--- In firstname.lastname@example.org
, allbell <no_reply@y...> wrote:
> --- In jewishgenealogy2000@y..., "minnesota1984" <Pab349@a...> wrote:
> > What are the surnames for Bell in the area around Mogilev. I think
> > the name must have been changed, but relatives do no know what the
> > name was.
> My great-grandfather (who was from Poland, not Belarus) started
> with the surname Sivak. He said he picked the name Bell because, when
> it was time to tell the officials at Ellis Island his name, he saw a
> picture of the Liberty Bell.
Not to rain on your parade: but I hope you realize that names were
never changed at Ellis Island. Name changes occurred only in the courts.
Briefly: an immigrant applied for an exit visa (or similar). With that
in hand, he then purchased a ticket. The passenger manifest was
created at the time the ticket was purchased -- in the country of
origin. At Ellis Island they checked the passengers, visas and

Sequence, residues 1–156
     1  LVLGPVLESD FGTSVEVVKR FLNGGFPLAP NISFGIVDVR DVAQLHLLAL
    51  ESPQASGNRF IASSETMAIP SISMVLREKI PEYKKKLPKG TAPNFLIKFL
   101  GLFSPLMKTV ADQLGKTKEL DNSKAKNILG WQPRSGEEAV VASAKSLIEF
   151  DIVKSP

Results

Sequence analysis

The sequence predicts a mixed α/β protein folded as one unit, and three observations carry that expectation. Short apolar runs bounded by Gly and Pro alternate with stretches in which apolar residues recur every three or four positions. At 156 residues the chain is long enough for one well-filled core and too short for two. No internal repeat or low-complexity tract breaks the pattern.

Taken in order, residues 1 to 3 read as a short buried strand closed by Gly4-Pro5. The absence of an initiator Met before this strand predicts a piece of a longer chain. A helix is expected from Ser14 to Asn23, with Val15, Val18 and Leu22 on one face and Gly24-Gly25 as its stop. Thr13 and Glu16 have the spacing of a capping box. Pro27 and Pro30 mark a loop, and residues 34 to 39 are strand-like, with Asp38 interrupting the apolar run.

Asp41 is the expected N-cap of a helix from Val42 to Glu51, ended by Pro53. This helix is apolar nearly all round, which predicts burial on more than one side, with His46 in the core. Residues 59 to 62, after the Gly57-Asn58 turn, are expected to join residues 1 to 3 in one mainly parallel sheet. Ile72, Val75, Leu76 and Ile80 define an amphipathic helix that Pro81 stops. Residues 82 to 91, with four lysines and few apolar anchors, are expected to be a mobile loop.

manifest. They had to all agree.
> My totally unsubstantiated suspicion is that some Jews with some kind
> of regulatory difficulties (maybe draft dodgers or tax evaders)
> traveled under fake names for some reason, and that "Bell" was on the
> documents my great-grandfather happened to use. If so, there might not
> be any ordinary equivalent to the surname Bell, because Bell might be
> more of a fake paper name than anything else.
Some traveled under bogus names for much simpler reasons. In the case
of my great-grandfather, he used his brother's passport and visa
because his brother got drafted!
Sometimes the person who was supposed to go, dies unexpectedly or for
some reason is unable to travel. It was not uncommon to pass the
ticket and passport on to someone else who could use it.
Another ancestor brought over a friend's daughter on her own
daughter's passport when her child died of consumption (or something).
Bottom line: the simplest answers to the odd things which happened to
our ancestors are often the most likely.
Good luck in your research,